Once sales and marketing are more aligned, it’s vital that they put their new-found symbiosis towards creating high-quality content. This requires input from both sides.

The process should start by defining the target audience. Whether a business is selling a B2B product or service, it all starts with the audience it’s trying to reach. Understanding the personas of different audiences is key, helping businesses hone down to who their customers are and what makes them tick.

Typically, a persona includes information around:

  • Demographics – e.g. age, education level and family details
  • Company sector
  • Job title
  • Goals
  • Motivations
  • The challenges/ pain points they face

Sales and marketing teams should collaborate to decide exactly which companies to target. Deciding on the top 100/200 target list together means PR and marketing teams are more likely to deliver the leads that sales really values.

The next step is to think about the sales cycle. Driving sales leads is all about getting the right content, to the right audience, at the right time. It’s crucial that PR, marketing and sales use the individual skills, knowledge and talents that each team brings to the table as B2B leads move through the purchase cycle.

The aim is to nurture prospects along the buyer journey, using different types of content at different stages. As a general rule, content can become more product-focused as targets move down the sales cycle, starting with educational/thought leadership content to build trust and moving towards content geared around trapping data from prospects (such as an eBook or webinar).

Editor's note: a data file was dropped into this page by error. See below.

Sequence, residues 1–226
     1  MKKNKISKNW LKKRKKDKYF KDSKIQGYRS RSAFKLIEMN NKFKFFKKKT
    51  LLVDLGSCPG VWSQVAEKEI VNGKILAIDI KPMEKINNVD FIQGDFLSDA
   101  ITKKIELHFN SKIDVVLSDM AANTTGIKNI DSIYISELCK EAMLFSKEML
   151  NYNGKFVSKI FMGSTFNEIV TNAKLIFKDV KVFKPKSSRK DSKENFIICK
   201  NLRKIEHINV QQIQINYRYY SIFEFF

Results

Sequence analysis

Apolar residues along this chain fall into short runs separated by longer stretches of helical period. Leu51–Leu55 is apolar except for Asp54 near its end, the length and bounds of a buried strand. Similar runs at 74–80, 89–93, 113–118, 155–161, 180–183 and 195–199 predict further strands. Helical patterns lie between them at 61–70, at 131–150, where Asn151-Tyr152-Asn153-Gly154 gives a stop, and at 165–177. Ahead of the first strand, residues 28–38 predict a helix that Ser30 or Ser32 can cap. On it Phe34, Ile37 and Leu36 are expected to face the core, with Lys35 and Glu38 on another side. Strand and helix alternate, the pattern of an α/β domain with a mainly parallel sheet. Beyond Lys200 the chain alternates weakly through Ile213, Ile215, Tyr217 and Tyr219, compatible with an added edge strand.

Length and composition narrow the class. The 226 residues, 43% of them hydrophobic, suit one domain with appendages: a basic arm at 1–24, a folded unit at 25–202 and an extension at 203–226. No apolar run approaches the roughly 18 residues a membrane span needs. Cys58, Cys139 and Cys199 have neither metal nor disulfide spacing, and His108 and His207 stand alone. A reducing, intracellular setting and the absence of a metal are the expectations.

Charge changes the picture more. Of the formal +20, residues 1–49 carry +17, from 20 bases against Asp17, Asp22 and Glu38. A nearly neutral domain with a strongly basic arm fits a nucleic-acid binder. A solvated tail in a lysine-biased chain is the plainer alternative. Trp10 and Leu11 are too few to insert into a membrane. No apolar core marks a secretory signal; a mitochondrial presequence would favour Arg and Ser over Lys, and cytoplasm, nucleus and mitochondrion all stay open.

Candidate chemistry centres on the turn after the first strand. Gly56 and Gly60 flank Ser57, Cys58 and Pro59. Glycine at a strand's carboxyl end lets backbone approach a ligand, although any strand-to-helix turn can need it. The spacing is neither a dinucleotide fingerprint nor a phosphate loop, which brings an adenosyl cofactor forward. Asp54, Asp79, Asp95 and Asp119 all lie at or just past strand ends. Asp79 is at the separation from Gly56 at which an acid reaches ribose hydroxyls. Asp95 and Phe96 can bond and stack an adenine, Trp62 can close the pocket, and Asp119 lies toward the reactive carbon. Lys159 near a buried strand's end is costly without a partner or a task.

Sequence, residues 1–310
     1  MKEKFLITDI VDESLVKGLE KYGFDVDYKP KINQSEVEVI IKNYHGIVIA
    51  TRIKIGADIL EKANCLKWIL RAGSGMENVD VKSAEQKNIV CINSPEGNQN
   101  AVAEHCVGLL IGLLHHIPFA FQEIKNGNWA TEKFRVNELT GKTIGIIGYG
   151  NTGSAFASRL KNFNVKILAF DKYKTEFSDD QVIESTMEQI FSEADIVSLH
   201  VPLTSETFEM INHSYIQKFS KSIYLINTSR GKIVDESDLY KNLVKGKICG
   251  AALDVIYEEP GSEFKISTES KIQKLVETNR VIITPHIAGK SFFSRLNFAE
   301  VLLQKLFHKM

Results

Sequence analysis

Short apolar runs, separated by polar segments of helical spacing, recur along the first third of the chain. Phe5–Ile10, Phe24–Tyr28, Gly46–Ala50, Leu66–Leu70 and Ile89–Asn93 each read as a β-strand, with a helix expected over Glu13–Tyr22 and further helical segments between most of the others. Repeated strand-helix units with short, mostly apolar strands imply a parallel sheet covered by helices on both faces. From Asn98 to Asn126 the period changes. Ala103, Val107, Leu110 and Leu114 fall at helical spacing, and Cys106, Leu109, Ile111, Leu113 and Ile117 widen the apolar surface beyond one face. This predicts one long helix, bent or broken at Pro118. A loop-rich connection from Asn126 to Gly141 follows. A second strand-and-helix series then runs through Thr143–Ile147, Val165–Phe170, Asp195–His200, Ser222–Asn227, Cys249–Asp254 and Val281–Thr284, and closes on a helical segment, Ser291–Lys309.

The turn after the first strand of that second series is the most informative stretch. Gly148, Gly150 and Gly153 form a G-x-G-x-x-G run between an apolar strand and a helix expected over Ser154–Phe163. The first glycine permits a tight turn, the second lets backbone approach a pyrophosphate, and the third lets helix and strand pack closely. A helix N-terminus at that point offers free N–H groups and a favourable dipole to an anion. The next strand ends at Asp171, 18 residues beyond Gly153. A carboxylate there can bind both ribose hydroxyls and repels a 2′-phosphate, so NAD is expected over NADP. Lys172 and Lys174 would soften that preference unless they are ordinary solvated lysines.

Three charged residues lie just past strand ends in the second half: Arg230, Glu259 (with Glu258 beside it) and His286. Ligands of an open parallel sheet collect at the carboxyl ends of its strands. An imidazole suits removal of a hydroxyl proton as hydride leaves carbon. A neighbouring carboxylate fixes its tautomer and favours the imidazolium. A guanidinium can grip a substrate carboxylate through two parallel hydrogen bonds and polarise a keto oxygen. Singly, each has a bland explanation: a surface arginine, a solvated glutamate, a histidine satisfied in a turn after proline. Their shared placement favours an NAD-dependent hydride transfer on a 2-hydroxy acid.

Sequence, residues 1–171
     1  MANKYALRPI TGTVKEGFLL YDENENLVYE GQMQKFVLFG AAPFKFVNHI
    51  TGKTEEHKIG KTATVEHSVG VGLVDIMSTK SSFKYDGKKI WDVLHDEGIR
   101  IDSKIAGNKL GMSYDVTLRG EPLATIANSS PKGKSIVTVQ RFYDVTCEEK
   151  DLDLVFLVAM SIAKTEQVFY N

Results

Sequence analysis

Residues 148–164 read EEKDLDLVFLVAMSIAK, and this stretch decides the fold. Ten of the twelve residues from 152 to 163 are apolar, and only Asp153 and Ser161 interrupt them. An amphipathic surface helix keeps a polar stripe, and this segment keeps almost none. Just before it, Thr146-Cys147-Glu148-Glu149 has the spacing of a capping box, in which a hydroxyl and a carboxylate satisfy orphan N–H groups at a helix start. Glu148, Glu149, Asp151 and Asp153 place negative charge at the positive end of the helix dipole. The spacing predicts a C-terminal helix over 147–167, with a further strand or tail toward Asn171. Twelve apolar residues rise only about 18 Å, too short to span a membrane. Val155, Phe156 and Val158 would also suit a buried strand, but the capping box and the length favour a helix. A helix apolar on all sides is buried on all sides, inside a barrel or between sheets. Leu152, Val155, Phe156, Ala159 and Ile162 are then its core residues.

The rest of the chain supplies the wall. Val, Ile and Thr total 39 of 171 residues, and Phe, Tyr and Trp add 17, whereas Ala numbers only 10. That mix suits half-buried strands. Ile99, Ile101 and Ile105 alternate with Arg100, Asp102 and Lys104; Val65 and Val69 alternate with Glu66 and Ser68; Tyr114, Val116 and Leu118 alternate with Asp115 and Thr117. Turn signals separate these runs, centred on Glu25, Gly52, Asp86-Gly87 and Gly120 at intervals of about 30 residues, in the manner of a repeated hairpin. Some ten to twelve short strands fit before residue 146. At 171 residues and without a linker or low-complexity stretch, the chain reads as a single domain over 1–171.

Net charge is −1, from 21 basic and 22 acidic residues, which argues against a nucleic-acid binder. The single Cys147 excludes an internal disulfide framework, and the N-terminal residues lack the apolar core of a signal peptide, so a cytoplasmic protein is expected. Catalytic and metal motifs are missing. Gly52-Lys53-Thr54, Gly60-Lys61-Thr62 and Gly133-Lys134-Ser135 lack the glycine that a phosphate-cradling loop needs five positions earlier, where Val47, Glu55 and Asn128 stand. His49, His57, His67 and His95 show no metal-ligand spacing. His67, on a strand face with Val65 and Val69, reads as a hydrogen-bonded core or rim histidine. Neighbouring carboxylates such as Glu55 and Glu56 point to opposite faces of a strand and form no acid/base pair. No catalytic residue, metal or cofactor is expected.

In most cases, the PR and marketing teams will be great with the educational content, with sales providing more input and insight as the content becomes more product focused. For a lead to turn from an MQL to an SQL, sales will often like to see multiple buying signals. For example, if a prospect has downloaded some content and attended an online event, it might be a good time for sales to get involved.

Another key aspect is the channels through which content is delivered to audiences. Marketing, PR and sales teams have to team up to understand the most valuable channels for the business. Sales teams will have a good sense of where prospects go to get information, while PR and marketing teams will have a deeper understanding of the key press, forums, blogs and social media platforms.

Finding the right formula for bringing in B2B leads takes time and experimentation from all teams. If it were easy, I’d be sitting on a sack of money! Even when a business finds the formula that works for its teams, it won’t stay the same forever. And if it did, it would be boring – and where’s the fun in that!

The key is for sales, PR and marketing teams to remember that, although they will drive the process at different stages of the buyer journey and through different channels, they ultimately have to rely on each other to get a sale over the line.

  • Red Lorry Yellow Lorry is a B2B tech PR and marketing agency with offices in London, Berlin, Boston and Los Angeles.